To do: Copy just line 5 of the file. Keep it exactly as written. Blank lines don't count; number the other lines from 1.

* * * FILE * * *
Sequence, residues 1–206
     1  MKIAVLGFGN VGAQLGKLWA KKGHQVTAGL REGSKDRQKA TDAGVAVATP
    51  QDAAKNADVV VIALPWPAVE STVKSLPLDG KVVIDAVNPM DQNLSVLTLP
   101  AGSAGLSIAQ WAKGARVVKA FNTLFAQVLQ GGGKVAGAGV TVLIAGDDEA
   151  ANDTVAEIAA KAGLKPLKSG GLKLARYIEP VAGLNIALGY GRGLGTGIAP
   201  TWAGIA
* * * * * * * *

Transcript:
   151  ANDTVAEIAA KAGLKPLKSG GLKLARYIEP VAGLNIALGY GRGLGTGIAP